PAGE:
Xerophthalmia caused by a severe vitamin A deficiency is described by pathologic dryness of the conjunctiva and cornea. The conjunctiva becomes dry, thick and wrinkled. If untreated, it can lead to corneal ulceration and ultimately to blindness as a result of corneal damage.

Xerophthalmia usually implies a destructive dryness of the conjunctival epithelium due to dietary vitamin A deficiency—a rare condition in developed countries, but still causing much damage in developing countries. Other forms of dry eye are associated with aging, poor lid closure, scarring from a previous injury, or autoimmune diseases such as rheumatoid arthritis and Sjögren's syndrome, and these can all cause chronic conjunctivitis. Radioiodine therapy can also induce xerophthalmia, often transiently, although in some patients late onset or persistent xerophthalmia has been observed.The damage to the cornea in vitamin A associated xerophthalmia is quite different from damage to the retina at the back of the globe, a type of damage which can also be due to lack of vitamin A, but which is caused by lack of other forms of vitamin A which work in the visual system. Xerophthalmia from hypovitaminosis A is specifically due to lack of the hormone-like vitamin A metabolite retinoic acid, since (along with certain growth-stunting effects) the condition can be reversed in vitamin A deficient rats by retinoic acid supplementation (however the retinal damage continues). Since retinoic acid cannot be reduced to retinal or retinol, these effects on the cornea must be specific to retinoic acid. This is in keeping with retinoic acid's known requirement for good health in epithelial cells, such as those in the cornea.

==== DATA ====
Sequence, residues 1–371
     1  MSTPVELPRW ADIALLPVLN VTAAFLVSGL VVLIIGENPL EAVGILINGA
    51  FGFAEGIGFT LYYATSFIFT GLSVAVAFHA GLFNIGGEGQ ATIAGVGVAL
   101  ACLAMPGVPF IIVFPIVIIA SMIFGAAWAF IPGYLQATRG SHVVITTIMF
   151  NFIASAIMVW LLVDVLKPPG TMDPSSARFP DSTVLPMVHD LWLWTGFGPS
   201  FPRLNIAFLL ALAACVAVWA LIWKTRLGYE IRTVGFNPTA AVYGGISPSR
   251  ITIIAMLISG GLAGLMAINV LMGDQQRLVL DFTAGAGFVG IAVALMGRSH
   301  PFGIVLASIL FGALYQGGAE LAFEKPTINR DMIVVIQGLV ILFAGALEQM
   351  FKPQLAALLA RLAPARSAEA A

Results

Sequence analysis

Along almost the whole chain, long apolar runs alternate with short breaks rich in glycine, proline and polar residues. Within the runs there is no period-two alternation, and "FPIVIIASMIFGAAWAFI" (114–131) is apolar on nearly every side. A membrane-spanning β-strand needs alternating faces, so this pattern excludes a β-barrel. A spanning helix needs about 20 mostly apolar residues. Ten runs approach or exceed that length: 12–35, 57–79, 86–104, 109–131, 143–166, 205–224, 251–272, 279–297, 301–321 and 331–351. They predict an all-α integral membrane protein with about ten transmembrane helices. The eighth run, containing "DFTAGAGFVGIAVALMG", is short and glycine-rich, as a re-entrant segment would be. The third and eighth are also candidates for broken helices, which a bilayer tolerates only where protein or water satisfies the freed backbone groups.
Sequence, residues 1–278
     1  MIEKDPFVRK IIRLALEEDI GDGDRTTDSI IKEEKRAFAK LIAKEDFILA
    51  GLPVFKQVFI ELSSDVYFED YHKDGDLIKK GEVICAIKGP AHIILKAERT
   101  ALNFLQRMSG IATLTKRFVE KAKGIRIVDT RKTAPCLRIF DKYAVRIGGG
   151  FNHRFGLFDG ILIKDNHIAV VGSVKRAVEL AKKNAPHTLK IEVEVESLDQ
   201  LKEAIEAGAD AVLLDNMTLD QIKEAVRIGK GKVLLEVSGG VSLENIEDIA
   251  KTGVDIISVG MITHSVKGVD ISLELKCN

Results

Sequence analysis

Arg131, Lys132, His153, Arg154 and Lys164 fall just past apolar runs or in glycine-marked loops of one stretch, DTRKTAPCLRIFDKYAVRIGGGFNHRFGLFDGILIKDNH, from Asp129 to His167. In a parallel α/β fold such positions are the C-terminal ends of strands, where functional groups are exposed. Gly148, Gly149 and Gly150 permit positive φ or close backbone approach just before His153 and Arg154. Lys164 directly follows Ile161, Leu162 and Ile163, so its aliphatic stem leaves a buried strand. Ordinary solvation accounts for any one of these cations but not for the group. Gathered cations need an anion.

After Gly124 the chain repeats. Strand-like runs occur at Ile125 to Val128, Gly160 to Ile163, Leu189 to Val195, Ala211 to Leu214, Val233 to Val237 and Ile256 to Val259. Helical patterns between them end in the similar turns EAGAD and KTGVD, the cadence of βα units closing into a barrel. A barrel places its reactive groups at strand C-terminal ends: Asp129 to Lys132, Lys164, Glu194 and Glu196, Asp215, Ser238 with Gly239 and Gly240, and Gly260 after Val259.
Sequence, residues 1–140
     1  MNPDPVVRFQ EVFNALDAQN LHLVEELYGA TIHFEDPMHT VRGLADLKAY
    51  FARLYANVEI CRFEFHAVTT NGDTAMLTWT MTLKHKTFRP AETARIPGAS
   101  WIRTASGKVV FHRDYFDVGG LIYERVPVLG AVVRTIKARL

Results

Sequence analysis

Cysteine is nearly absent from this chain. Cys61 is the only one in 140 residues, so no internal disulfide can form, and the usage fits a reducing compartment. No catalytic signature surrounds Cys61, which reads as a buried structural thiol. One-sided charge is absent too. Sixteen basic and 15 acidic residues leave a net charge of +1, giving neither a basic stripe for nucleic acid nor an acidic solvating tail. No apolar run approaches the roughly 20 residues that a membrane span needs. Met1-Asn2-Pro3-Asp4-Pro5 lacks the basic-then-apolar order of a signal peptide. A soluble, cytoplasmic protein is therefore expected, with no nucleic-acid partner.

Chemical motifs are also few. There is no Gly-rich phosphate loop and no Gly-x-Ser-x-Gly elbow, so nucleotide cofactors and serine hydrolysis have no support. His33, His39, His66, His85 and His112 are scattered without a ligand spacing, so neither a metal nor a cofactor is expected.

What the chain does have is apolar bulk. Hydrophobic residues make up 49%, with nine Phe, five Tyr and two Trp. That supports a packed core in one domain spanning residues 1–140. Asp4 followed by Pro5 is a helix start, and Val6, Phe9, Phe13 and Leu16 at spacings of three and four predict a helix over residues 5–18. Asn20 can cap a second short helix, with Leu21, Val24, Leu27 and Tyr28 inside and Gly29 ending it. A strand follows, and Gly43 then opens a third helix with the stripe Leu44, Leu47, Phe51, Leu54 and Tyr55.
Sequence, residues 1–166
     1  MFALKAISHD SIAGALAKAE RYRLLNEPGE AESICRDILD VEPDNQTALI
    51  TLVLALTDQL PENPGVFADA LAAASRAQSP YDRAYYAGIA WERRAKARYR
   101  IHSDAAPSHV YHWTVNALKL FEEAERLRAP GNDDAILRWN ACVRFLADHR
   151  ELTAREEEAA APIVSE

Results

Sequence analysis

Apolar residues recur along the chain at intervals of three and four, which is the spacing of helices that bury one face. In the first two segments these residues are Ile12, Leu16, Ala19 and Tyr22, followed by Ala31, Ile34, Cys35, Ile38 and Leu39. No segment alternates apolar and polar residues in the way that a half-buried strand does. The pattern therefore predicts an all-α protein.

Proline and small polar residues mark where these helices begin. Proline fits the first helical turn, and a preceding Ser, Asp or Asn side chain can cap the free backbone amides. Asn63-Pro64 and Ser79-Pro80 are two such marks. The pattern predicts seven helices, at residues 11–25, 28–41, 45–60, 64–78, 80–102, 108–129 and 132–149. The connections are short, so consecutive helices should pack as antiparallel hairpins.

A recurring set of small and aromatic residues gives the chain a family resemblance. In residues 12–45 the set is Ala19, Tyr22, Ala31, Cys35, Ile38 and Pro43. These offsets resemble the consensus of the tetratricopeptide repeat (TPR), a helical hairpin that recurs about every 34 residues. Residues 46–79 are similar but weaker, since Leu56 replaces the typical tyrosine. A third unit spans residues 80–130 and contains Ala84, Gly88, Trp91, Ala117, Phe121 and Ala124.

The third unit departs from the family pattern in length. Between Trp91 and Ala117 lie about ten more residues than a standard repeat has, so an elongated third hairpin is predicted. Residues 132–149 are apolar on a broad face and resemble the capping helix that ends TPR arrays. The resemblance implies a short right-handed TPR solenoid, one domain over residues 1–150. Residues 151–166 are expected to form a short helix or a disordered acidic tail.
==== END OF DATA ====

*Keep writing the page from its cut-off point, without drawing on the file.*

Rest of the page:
Fat soluble
Water soluble
Combinations
Food antioxidants
Fuel antioxidants
Measurements
RAR
RXR